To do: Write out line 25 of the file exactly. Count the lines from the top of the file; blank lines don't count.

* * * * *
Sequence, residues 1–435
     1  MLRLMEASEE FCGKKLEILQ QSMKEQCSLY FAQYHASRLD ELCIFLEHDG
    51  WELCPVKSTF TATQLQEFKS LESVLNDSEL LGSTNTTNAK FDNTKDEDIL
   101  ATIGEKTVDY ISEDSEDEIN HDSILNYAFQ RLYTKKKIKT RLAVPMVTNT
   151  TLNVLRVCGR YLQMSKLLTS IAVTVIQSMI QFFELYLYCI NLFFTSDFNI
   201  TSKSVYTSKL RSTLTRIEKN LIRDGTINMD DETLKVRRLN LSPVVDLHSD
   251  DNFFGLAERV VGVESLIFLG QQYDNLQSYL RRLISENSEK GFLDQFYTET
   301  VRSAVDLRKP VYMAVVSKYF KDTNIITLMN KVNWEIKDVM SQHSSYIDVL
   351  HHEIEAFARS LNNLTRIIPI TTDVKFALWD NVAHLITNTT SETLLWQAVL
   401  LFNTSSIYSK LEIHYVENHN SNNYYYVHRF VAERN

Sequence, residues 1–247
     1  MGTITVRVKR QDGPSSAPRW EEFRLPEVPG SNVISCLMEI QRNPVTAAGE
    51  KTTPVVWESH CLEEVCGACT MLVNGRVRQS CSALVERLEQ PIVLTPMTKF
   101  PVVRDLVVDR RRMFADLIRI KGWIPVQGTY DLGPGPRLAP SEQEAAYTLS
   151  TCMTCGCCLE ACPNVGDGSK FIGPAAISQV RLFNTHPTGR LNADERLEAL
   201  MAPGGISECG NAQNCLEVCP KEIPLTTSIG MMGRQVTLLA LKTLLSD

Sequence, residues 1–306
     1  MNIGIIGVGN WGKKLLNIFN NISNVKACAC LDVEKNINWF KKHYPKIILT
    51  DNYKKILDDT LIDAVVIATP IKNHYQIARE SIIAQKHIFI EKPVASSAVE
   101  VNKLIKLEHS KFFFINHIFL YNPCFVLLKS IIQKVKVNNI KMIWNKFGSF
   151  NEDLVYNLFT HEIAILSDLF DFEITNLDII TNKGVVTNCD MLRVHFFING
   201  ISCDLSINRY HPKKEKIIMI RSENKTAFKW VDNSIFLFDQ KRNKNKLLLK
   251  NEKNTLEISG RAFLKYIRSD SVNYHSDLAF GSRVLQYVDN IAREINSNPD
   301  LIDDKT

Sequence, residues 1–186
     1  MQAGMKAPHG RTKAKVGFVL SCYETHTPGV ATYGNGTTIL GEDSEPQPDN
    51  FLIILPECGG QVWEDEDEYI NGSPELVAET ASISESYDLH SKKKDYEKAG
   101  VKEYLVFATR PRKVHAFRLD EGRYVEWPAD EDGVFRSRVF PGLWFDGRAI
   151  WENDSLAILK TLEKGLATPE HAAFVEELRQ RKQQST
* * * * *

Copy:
Sequence, residues 1–186